Why do we enjoy making fun of the French so much? (By "we," I'm talking about mainstream-culture Americans.)
These thoughts are occasioned from the comedy show last night, wherein were made many jokes at the expense of France and its people (or, as they called the French last night, "cheese-eating rifle-droppers"). And I'm curious about what makes France such an easy mark for American humor.
This humor seems to be based on the common American stereotypes of French people:
1) They're rude.
2) They're cowardly in battle.
3) They smell bad and the women don't shave.
So, let's take these stereotypes in order.
First, they're rude. It's my perception that most Americans only know France from popular images of Paris. It might be helpful to remember that Parisians act very much the same as New Yorkers--they live in a Big Important World-Famous City, and everywhere else is just Hicksville. So, it's partly that (my dad, who's travelled extensively in France, assures me that "Parisians think they're God's gift to everyone. They're rude and snotty to everyone, not just Americans.").
And this leads me to the other part. Given that quite a few Americans insist that any and all visitors to this country demonstrate a fluency in English, it surprises me that they consider it perfectly reasonable to insist that any and all citizens of a foreign country demonstrate the same skill.
Consider this stereotypical exchange, inspired by David Sedaris:
Tourist: Bring me a steak.
Tourist: I SAID, BRING ME A STEAK.
Waiter: Qu'est-ce que l'enfer que tu dire, putain?
Tourist: HEY!! Don't you cop that attitude with me, buddy--if it wasn't for my grandaddy, you'd all be speaking GERMAN!!
Which brings me right along to the second stereotype. First off, where do we get the idea that the French enjoy surrendering at the drop of a hat? Well, probably from the fact that in 1940, Nazi Germany was able to conquer France completely in about six weeks (coupled with the near-success of the Germans in the Great War, and I suppose for completeness' sake we ought to mention that the Prussians were able to humiliate them during the summer of 1870, even though hardly anyone remembers that little fracas).
Well, something hardly anyone seems to remember is that the Nazis did the exact same thing to most other countries in Europe as well. I think it begs the question: Why do we consider the French cowardly, but not the Polish, Norwegians, Greeks, Yugoslavs, or Russians? The Blitzkrieg was able to conquer the first four countries in less time than France, and during the summer of 1941 more Soviet soldiers surrendered than French ones did in the previous spring. And if we're going to be complete about it--the British Expeditionary Force in France in 1940 was routed just as completely as the French army; the French just didn't have the luxury of having another country to escape to. Why, then, don't we consider the British equally as cowardly?
Or, for that matter-why don't we consider the Americans as cowardly for not being able to hold in the face of the Blitzkrieg? Remember that in December 1944, the German Ardennes Offensive (which both my grandfathers were caught in) was able to capture or rout at least three entire American divisions (for the non-military among us, that's roughly thirty thousand soldiers). What's that I hear? Oh, this doesn't count because the British, Americans, and Soviets were able to strike back and conquer Germany? Well, lest you forget, so did the Free French under De Gaulle.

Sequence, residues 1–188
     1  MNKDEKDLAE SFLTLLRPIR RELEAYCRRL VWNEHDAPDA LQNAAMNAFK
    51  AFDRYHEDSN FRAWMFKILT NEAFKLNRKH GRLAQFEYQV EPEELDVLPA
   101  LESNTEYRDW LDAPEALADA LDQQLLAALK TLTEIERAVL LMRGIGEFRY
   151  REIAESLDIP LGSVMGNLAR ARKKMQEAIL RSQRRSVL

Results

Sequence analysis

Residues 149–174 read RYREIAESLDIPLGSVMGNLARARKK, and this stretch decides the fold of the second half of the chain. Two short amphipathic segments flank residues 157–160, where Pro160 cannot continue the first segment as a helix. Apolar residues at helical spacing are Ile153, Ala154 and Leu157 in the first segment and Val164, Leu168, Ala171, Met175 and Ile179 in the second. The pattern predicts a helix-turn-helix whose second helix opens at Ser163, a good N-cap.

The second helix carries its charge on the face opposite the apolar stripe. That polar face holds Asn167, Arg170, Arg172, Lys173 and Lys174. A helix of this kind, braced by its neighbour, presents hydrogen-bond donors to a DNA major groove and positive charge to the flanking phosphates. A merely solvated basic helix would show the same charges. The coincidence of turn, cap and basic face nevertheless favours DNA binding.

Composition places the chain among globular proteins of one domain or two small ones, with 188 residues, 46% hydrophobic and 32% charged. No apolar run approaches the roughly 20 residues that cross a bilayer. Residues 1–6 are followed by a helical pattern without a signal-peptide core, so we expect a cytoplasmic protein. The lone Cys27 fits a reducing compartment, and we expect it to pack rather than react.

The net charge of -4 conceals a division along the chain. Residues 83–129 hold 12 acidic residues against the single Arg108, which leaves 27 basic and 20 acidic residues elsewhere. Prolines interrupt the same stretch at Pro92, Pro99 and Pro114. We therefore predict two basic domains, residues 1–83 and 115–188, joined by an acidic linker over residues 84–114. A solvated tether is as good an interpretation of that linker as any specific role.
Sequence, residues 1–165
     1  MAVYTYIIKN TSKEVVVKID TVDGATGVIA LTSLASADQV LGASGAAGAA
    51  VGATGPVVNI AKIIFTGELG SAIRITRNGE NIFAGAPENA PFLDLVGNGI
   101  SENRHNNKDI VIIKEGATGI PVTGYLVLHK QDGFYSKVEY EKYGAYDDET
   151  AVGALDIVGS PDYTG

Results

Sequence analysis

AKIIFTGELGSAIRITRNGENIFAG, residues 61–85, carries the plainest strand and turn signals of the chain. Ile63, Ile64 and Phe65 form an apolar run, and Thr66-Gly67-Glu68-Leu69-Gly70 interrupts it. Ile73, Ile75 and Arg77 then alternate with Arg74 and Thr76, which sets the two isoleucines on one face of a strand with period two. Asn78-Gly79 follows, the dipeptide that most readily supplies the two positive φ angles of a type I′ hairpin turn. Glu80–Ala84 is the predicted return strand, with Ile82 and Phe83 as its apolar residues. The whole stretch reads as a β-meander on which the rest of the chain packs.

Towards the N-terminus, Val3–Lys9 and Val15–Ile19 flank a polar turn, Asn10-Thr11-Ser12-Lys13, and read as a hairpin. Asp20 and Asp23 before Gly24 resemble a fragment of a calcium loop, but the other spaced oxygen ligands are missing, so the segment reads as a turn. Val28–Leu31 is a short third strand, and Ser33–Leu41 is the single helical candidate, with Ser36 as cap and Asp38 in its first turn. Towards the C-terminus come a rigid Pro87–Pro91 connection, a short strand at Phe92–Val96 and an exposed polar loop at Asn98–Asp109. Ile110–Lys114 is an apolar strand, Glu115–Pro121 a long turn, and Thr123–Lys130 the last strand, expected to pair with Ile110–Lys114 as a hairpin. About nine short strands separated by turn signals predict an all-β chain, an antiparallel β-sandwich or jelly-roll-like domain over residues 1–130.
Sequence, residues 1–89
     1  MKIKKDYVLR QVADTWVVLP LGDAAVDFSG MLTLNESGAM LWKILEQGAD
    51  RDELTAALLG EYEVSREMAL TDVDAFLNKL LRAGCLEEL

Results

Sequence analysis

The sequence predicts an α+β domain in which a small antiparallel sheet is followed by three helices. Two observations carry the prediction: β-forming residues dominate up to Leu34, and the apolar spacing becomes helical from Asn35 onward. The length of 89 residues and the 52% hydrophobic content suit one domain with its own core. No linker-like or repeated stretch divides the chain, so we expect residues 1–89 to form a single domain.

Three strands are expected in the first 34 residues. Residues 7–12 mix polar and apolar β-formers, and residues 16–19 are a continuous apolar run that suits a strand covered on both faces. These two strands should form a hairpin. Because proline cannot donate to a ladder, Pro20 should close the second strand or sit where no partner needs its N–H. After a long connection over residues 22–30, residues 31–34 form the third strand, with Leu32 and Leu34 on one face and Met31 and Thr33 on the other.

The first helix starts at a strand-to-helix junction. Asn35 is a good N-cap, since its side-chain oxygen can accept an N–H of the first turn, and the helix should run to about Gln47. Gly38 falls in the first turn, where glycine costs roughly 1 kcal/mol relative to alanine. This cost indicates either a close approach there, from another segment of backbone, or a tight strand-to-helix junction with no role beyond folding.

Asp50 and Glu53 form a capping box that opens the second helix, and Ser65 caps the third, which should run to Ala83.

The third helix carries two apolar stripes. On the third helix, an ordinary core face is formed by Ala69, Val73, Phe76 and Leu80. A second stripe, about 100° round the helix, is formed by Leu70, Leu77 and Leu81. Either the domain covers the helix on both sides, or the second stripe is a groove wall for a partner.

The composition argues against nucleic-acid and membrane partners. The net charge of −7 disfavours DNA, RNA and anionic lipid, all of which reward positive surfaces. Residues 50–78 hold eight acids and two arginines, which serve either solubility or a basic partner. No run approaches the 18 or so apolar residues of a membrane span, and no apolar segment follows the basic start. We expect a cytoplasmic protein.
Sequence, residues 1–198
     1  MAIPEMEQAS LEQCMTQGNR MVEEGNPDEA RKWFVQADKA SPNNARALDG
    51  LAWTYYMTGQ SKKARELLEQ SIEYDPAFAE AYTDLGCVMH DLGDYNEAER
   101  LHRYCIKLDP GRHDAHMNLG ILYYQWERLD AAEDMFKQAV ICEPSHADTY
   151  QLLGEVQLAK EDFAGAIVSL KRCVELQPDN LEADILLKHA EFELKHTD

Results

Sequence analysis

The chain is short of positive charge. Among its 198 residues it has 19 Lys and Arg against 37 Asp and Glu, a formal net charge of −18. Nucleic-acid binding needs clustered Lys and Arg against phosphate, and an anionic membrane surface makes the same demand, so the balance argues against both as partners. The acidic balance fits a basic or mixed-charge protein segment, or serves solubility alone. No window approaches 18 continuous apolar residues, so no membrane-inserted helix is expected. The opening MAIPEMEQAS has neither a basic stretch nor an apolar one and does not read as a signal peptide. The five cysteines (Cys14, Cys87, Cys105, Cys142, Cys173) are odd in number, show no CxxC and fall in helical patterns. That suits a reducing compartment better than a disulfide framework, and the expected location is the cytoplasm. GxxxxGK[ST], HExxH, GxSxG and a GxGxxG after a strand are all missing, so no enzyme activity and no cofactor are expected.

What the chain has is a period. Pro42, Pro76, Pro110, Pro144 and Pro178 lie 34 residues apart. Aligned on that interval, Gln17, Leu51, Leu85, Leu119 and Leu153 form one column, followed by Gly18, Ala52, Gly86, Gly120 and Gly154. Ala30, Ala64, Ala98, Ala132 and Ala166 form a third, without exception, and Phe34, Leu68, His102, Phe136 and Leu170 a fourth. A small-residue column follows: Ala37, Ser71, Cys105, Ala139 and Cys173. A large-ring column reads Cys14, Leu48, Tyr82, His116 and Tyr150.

Consider this: During the first year of Great War, the French army lost more soldiers than the American army would in all of the twentieth century--most of whom were killed making futile attacks against the German onslaught. Given this, the Maginot line, the quagmire of Vietnam, the foot-dragging reluctance to acknowlege that Alfred Dreyfus was wronged--France has made many bad military decisions. But they are not cowardly. If you want to criticize the French army, it would be better to look at the war in Algeria during the 1950s and 60s, where hundreds of civilians were imprisoned, tortured, and executed by the French colonial administration.
Of course, it seems that these stereotypes are coming back again because Jacques Chirac isn't going along with the War on Terrorism's Gulf War 2: Electric Bushaloo. And that, I think, goes right to the core of the disagreements between France and the US--namely, Charles de Gaulle's refusal to let France be a rubber stamp for American foreign policy like the rest of NATO was. In short, France wants to do what it considers the right thing to do, whether or not this goes along with American goals. This is what's known as "national self-determination," and it's one of the things we "officially" fought World War Two for. And yet, the Bush administration seems not to be very mindful of this fact. It's almost as if the United States is saying "You are all free countries. Free to swear fealty to us."
So, finally, we come to the third stereotype of French people. And all I can say is: What the fuck? I mean, what the fucking fuck? It's supposed to be a bad thing when women don't shave their legs or armpits? American standards of aesthetics are crazy sometimes. *toctoctoc*